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Tumor changes Rotary student exchange into rescue

Peruvian man stays in U.S. for medical treatment
by: Jaime Valdez, Rony Montalvan is grateful for the support he’s received since being diagnosed with leukemia.

Rony Montalvan couldn't wait to return home to his family in Toquepala, Peru.

After completing a year as a Beaverton Rotary exchange student at Beaverton High School, he was looking forward to sharing all that he had learned and experienced with his parents and siblings.

But six days before his scheduled flight home in June, the 18-year-old was grounded by T-cell acute lymphoblastic leukemia.

'One day I woke up feeling bad,' Rony said. 'I couldn't breathe and had pain in my chest.'

His host family, Terry and Kathy Tobin of Cedar Mill, knew that something was seriously wrong when he agreed to seek medical attention.

'Rony is not a complainer,' Kathy Tobin said. 'He takes everything in stride. Even though he had a terrible cough that was causing him pain, he never complained.'

After going to a nearby Immediate Care clinic, medical personnel called for a chest X-ray that revealed a shadow. Further testing showed that Rony's thymus gland was enlarged and pushing on his trachea, heart and lungs.

'He had a tumor that was making it difficult for him to get a breath,' Kathy said. 'He was very uncomfortable and a really sick boy.'

Rony was transferred to Legacy Emanuel Children's Hospital, where he was scheduled to meet with Dr. Janice Olson, a pediatric oncologist with the Children's Cancer and Blood Disorders Program.

The Tobins accepted their role as Rony's stand-in parents, and began researching who would be trusted with the care of their 'son.'

'God was watching over Rony,' Kathy said. 'Dr. Olson was amazing.

'She's a wonderful doctor. She also was a Rotary exchange student in high school and spoke Spanish, so she and Rony had that common bond.'

Sharing the news of Rony's sickness with his parents, who were looking forward to being reunited with their son, was heartbreaking.

'It was very hard,' Kathy said. 'And it was hard for his family to be so far away.

'The decision was made very quickly that he would stay here. There was no way he could fly.'

Thankful for families

To be with their son, Rony's parents Ronald Montalvan and Hilda Cueto de Montalvan arranged to travel to the United States.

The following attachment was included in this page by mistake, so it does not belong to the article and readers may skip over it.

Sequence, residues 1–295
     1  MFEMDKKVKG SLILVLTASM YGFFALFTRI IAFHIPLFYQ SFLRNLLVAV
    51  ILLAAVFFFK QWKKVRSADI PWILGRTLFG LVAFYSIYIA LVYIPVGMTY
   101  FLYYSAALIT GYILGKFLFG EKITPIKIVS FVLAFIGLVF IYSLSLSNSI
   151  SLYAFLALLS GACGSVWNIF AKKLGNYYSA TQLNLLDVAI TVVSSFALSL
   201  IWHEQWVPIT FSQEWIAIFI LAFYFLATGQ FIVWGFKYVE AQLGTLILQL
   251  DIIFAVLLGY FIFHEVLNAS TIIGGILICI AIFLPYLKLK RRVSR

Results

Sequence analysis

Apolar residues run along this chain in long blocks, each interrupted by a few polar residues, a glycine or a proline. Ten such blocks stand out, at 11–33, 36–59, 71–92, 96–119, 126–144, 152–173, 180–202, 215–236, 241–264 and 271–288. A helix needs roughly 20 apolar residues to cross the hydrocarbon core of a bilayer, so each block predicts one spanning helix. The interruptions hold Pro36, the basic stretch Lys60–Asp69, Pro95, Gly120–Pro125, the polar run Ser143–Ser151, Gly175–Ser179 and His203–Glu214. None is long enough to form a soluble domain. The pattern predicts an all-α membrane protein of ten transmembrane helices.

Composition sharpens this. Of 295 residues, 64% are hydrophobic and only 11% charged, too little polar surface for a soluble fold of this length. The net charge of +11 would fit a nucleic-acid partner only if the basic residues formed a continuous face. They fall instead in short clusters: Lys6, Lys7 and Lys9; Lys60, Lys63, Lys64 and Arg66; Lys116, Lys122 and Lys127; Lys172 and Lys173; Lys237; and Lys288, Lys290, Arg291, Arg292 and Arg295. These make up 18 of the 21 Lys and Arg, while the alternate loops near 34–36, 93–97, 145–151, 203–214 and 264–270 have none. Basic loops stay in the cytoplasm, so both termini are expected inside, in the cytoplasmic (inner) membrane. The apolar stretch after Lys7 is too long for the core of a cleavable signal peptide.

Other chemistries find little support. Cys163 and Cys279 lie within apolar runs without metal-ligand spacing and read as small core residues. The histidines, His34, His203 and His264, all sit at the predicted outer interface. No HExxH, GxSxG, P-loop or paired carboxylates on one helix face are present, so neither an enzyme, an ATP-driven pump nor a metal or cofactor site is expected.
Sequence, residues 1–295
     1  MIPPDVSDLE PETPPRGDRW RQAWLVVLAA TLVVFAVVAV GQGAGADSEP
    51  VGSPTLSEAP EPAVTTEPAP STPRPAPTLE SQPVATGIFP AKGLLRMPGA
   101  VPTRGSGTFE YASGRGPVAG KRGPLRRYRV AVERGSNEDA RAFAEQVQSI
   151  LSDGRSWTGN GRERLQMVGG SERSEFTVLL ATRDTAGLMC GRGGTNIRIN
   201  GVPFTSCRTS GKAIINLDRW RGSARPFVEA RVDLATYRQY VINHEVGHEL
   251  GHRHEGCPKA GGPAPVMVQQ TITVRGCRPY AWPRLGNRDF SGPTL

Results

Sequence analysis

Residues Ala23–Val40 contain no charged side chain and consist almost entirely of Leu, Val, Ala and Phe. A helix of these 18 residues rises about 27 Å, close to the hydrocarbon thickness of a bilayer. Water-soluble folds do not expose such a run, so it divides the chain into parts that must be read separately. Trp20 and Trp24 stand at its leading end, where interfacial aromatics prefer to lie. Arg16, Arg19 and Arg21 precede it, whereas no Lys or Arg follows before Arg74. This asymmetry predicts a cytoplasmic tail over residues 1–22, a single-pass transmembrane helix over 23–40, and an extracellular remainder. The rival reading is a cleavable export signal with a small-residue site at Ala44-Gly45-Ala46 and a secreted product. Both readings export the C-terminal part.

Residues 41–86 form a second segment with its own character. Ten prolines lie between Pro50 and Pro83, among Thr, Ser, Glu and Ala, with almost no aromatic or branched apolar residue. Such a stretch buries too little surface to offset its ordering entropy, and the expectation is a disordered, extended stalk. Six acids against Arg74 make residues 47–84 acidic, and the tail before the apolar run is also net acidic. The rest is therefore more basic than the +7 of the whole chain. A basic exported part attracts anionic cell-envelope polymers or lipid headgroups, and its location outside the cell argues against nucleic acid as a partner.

As the family made plans, the medical team at Emanuel began to treat Rony and create a 36-month plan for his care.

At the same time, the Beaverton Rotary agreed to sponsor Rony for a second year to allow him to continue his medical treatment.

'Rony was part of our family, and there was no question that we would continue to sponsor him for another year to help and assist him in whatever way we could,' said Carl Vorhies, a Beaverton Rotary member and chairman of the youth exchange committee. 'Initially there were a lot of questions about what his long-term care demands would be, how he would respond to treatment and other issues.

'But the real issue for us was his family. Being diagnosed with leukemia was severe enough, but on top of that is the fact that he had been here for an entire school year away from his family. His parents were ready to have him come home. I can't even imagine how difficult all of this must have been for his parents.'

Rony's father was the first to make the trip and stayed with the Tobins for three weeks. Rony's 20-year-old sister Michelle followed, staying six weeks.

His mother waited to take the third trip.

'My faith in God and confidence in the medical specialists there are here kept me strong,' said Hilda, as she sat across from her son in the Tobins' family room Tuesday.

'I'm very grateful that my son is being treated here in the United States,' she added. 'My husband and I are impressed with the level of care and technology available here.

'I appreciate the support Kathy and Terry have given me and am so grateful that I could meet them.'

Rony has also been overwhelmed by the support he has received from the Tobins, his other host families, Beaverton Rotary and the friends he has made in the community.

'People I barely know are trying to help me and that means a lot to me,' Rony said. 'The family I've been with have opened their hearts and helped me out. I'm so thankful for them.'

ROAD TO RECOVERY NEEDS DONATIONS

Rony Montalvan has a long road ahead of him on his journey to recovery.

While his host family and Beaverton Rotary work to ensure that Rony is able to stay in Oregon for a year of treatment, he is no longer eligible for his father's medical insurance in Peru.

To cover the mounting medical costs for his treatment, Beaverton Rotary has identified Rony as the primary beneficiary of its Oct. 13 International Community Service Auction. The event begins at 5:30 p.m. in the Kingstad Center in Beaverton.

Donations are also being accepted. Anyone wishing to contribute is asked to mail donations to the Beaverton Rotary Foundation, P.O. Box 385, Beaverton 97075. Donations should specify that they are to support Rony Montalvan.

Rotarians are also looking for families to host Rony and one of his family members for a month at a time as he continues his treatment. Interested families should contact Carl Vorhies, 503-292-0442 or This email address is being protected from spambots. You need JavaScript enabled to view it..